Avi “All Vivaldi” Avital
There’s something just as much fun as trying to say that line several times quickly. It’s listening to mandolinist Avi Avital playing music by Antonio Vivaldi--music written for the mandolin and music arranged for the instrument. You can tell he’s having a good time. It’s catchy too.
We were introduced to Avital with his recording of Bach’s music a few years ago. His new recording is with the Venice Baroque Orchestra (Deutsche Grammophon 4794017). It’s actually titled: Avi Avital – Vivaldi, but the combination of names invites so much more wordplay. On the recording, Avital is featured in several concertos and a trio, joined in the trio by special guests including the Iranian-American champion of the harpsichord: Mahan Esfanahi. It arrived just in time for Vivaldi’s birthday, which marched forth earlier in the month (on March 4). Avital is from Israel, though not Tel Aviv. So we can’t say: Tel Aviv Avi “All Vivaldi” Avital.
Avi Avital’s Vivaldi recording wasn’t the only one to arrive recently. We were introduced to the ensemble L’Arte dell’Arco from Padua with a recording of the concertos known collectively as L’Estro armonico. The ensemble’s concertmaster Federico Guglielmo is the soloist in the concertos for violin and orchestra. He’s joined by other members of the group in concertos for 2 and 4 violins (Brilliant Classics 94629).
Bobby McFerrin’s 65th birthday came a week after Vivaldi’s. We celebrated with Vivaldi’s music--from recordings that have been a part of the Friends of WILL Library for years. McFerrin doesn’t play a mandolin. He is a mandolin, when he wants to be. He can be a cello too. We heard him featured with cellist Yo-Yo Ma in an arrangement of the slow movement or section of a Vivaldi concerto for 2 mandolins (Sony 48177). McFerrin sings his part. Then we heard him conducting the St. Paul Chamber Orchestra singing one of the 2 cello parts of a Vivaldi concerto for 2 cellos along with cellist Peter Howard (Sony 64600). Vivaldi, who gave song-like parts to solo instruments in his concertos and reworked instrumental tunes for use in his operas and sacred works, might have been thrilled to have Bobby McFerrin around in his time.
McFerrin is the son of Robert McFerrin, the first African American to have sung at the Metropolitan Opera. Bobby McFerrin, who has been active in a number of musical genres over the decades, spent 4 years as the Creative Chair of the St. Paul Chamber Orchestra from 1984-1988. At his website, he shares some interesting ideas about conducting. He recalls that he first had the chance to conduct on his 40th birthday, the preparation for which terrified him. He said he was keeping tempos more like a traffic cop. He has come to view conducting as singing with the body and trying to get the orchestra to sing--or dancing, not in response to music, but in the hope of getting the orchestra to respond with music.
Erich Kunzel sometimes sang and clapped along with the audience as a conductor, and certainly had lots of folks joining in at pops concerts over the years. We remembered Kunzel, who was called the “Prince of Pops” by the Chicago Tribune, on the Classic Morning Prelude of March 20--the eve of what would have been his 80th birthday and the 330th anniversary of the birth of Johann Sebastian Bach. Perhaps just the mention of Kunzel’s name brings to mind warm weather and thoughts about outdoor concerts and summer festivals. It’s funny, though, that Kunzel was given the assigment to begin a winter pops series when he arrived in Cincinnati as an assistant conductor back in 1965. It snowballed, you might say. As a result, music listeners can enjoy the 116 CDs he made with the Cincinnati Pops Orchestra year round.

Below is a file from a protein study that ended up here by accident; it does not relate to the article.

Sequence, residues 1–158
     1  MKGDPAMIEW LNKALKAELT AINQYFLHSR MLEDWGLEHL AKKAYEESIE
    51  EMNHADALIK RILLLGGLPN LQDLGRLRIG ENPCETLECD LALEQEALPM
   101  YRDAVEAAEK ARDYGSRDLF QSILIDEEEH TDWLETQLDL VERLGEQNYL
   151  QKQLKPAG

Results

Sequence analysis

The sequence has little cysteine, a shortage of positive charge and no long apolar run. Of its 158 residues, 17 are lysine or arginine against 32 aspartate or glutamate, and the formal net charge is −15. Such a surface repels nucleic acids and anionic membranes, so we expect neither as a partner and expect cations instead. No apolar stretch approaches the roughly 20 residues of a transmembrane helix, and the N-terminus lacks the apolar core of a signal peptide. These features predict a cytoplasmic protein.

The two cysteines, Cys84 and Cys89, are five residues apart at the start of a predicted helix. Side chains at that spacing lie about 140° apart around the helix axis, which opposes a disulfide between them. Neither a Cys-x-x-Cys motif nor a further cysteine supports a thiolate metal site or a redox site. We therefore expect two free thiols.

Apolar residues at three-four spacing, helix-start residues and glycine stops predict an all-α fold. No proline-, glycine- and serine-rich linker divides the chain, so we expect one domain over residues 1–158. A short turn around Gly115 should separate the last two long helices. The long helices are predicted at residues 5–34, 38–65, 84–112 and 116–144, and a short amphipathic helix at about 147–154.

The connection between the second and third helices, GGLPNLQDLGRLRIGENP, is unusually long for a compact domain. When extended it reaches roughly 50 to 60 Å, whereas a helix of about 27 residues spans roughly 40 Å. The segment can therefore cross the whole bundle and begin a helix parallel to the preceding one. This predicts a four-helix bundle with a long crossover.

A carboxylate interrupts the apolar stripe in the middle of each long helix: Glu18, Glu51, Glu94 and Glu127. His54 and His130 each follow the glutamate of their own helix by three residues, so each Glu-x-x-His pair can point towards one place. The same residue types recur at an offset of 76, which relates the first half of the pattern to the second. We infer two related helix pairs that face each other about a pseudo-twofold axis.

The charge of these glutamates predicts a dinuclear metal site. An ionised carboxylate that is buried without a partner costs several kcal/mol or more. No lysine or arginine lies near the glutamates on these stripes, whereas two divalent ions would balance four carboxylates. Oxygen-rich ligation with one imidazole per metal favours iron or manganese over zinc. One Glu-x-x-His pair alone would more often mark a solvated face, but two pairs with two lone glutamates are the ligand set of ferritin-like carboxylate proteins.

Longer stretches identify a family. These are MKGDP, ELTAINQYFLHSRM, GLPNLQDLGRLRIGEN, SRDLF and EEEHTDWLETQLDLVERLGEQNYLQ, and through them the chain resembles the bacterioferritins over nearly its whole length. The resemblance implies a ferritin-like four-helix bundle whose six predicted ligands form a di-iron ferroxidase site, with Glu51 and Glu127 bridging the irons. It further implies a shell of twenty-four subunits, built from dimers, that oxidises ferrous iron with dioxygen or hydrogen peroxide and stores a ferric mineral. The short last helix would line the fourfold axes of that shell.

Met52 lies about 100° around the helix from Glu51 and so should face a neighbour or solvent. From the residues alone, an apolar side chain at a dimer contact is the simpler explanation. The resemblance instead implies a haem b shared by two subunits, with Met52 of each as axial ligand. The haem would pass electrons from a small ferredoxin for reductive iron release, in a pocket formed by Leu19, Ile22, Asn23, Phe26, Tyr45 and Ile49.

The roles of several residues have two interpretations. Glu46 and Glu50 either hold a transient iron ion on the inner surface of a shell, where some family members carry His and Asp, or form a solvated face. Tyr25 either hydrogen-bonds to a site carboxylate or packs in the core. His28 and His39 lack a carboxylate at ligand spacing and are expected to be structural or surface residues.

Sviatoslav Richter’s playing was captured more than a few times in recordings. That seems a more appropriate way of recalling what otherwise sounds like a remnant of the Cold War. The story is told that he performed surrounded by microphones hidden in potted palms or among vases of flowers. It’s not what you think. Jacques Leiser, a one time stage manager for the legendary pianist, was quoted by Anthony Tommasini in the New York Times back in August, 1997. Leiser said that Richter found studio recording unnatural and high-pressured. Even onstage, he insisted that he not be able to see the microphones. So, call it a rich recording legacy or one heck of a lot of eavesdropping. Richter’s recordings made their way to far corners of the world, even when he wasn’t permitted to leave the Soviet Union. We celebrated the centennial of the birth of the Ukrainian-born pianist on March 20. Richter made his American debut with the Chicago Symphony Orchestra in 1960. We heard him featured in a legendary recording with violinist David Oistrrakh, cellist Mstislav Rostropovich and the Berlin Philharmonic led by Herbert von Karajan in the finale of Beethoven’s Triple Concerto. The performance took place on this side of the Berlin Wall back in 1969. Richter died in 1997.
With all those big anniversaries, I’m no less excited about the 5th anniversary of Classic Mornings, coming up on April 1. Please join me--even before next Wednesday--weekday mornings from 9-noon, with the Classic Morning Prelude just before at 8:50 on FM 90.9 or online at will.illinois.edu.